Infrastructure News

New threats will corrode infrastructure M&A


MILAN, Dec 30 (Reuters Breakingviews) – Investing in infrastructure is becoming more risky. The blasts that damaged the Nord Stream gas pipelines linking Russia with Europe in September have alerted investors to the physical threats that volatile geopolitics poses to energy networks. Cyberattacks, which were already on the rise before President Vladimir Putin invaded Ukraine, have also stepped up. As private investors reconsider, states will play a bigger role.

Capital has poured into assets like toll roads, telecom towers and electricity grids as investors seek stable regulated investments that provide some protection against inflation. Private equity infrastructure funds attracted $121 billion globally in 2021, nearly 60% more than in 2017, according to data from PitchBook. In Europe, those funds acquired assets worth $41.7 billion in the first seven months of 2022 – more than double the previous year’s total – propelled by deals like Veolia’s (VIE.PA) takeover of French water and waste management rival Suez.

Even so, investors are becoming more selective about their infrastructure bets. The as yet unexplained Baltic explosions exposed the fragility of marine infrastructure, senior bankers and investors told Reuters Breakingviews. Corrosive seawater can quickly make a submarine gas pipeline unusable. And damage from war is generally not covered by insurance.

The rising cost of insuring against cyberattacks will also dull the appeal of telecoms networks and power grids. The premium to insure commercial property against hackers rose 27% year-on-year in the second quarter of 2022, well above the average increase of 7% for all lines of insurance, according to a survey by The Council of Insurance Agents and Brokers.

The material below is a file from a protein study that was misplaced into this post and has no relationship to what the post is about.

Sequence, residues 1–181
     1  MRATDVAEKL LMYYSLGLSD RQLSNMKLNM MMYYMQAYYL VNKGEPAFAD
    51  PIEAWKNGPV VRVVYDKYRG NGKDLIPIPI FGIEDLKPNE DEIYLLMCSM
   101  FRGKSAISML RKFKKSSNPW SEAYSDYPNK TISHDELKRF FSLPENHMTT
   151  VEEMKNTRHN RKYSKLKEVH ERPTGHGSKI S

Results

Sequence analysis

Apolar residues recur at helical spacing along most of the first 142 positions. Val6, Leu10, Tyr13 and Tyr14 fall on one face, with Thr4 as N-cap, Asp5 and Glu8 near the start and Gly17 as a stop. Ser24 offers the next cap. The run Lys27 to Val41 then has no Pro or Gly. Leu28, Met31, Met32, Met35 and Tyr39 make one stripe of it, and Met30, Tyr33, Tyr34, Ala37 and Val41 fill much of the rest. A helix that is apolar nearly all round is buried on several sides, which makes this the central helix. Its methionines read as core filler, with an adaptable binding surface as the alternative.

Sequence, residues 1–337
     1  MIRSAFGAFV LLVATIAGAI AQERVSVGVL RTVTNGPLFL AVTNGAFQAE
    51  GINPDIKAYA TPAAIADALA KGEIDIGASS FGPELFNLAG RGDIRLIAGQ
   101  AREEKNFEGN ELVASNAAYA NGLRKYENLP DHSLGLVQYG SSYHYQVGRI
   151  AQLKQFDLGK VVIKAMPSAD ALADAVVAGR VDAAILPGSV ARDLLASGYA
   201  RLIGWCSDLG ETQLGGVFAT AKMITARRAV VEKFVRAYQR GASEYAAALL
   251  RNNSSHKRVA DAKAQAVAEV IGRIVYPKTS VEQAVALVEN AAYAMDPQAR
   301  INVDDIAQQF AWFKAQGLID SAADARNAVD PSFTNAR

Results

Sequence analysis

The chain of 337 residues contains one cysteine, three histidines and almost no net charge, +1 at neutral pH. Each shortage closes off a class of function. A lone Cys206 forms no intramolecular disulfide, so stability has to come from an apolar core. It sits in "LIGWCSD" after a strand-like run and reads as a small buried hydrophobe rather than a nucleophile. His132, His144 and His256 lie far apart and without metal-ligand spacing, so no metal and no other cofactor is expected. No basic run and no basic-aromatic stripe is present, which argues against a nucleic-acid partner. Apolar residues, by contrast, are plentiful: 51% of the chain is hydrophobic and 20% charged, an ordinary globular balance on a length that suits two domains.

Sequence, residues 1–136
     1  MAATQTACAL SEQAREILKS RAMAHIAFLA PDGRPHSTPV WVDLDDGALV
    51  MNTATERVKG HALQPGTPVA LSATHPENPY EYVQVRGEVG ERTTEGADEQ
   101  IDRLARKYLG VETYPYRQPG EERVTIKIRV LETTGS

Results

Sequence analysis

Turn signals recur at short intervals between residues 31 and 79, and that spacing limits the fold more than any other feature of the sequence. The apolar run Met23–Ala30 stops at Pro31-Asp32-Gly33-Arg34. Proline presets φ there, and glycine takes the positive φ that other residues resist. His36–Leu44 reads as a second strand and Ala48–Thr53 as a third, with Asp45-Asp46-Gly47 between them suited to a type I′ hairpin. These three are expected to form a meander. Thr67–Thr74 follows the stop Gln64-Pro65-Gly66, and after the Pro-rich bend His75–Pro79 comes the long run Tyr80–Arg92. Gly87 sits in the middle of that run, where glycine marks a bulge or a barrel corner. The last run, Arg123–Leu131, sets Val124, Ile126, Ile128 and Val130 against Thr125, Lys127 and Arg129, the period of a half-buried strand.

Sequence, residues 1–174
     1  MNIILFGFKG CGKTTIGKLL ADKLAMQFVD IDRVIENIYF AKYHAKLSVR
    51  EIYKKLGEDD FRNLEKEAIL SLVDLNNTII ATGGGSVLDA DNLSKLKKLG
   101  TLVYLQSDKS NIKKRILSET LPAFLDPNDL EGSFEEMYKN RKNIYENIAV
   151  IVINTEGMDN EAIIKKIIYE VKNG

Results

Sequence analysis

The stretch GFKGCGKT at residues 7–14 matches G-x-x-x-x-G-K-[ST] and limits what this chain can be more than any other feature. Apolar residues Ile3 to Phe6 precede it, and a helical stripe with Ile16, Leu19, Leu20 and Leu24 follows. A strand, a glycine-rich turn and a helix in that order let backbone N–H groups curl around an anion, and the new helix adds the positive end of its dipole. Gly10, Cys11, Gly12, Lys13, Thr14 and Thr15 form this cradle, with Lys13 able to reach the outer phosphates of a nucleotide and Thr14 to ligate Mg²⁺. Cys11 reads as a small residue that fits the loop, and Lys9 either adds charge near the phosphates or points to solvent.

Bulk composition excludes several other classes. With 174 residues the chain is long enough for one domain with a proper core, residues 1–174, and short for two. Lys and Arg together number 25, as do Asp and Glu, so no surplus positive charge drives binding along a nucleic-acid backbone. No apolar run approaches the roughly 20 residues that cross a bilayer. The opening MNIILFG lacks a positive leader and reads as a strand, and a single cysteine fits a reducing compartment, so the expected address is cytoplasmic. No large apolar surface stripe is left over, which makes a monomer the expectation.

The need for infrastructure remains strong, though. The urge to make the world a cleaner place means building and upgrading power infrastructure in both developed and developing countries. Assets like electricity grids, which are critical for the transition from fossil fuels to renewable energy, will remain attractive to investors and financiers. Yet they too are potentially exposed to sabotage, as demonstrated by the attacks on two electric substations in North Carolina in early December.

Pressure to establish energy security at home also means governments will want to own key infrastructure assets, regardless of the financial incentives. Germany, for example, took gas storage facilities from private Russian hands and is looking to take control of Dutch power-grid operator TenneT’s local subsidiary, Reuters reported on Nov. 30. If private investors conclude some infrastructure assets have lost their appeal, states will step in.

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(This is a Breakingviews prediction for 2023. To see more of our predictions, click here.)

CONTEXT NEWS

Unexplained blasts on Sept. 26 damaged the Nord Stream 1 and 2 gas pipelines connecting Russia to Germany via the Baltic Sea, one of Europe’s most important energy corridors. TotalEnergies and Equinor said in September they had spotted unusual drone activity near their offshore energy installations.

More than 40,000 customers lost electrical power in North Carolina on Dec. 4 after what local authorities described as a “targeted attack”.

Macquarie said in November it had raised 12.6 billion euros from investors to invest in core infrastructure such as electricity grids, gas pipeline and water facilities.

(The author is a Reuters Breakingviews columnist. The opinions expressed are her own.)

Editing by Peter Thal Larsen and Oliver Taslic

Our Standards: The Thomson Reuters Trust Principles.

Opinions expressed are those of the author. They do not reflect the views of Reuters News, which, under the Trust Principles, is committed to integrity, independence, and freedom from bias.



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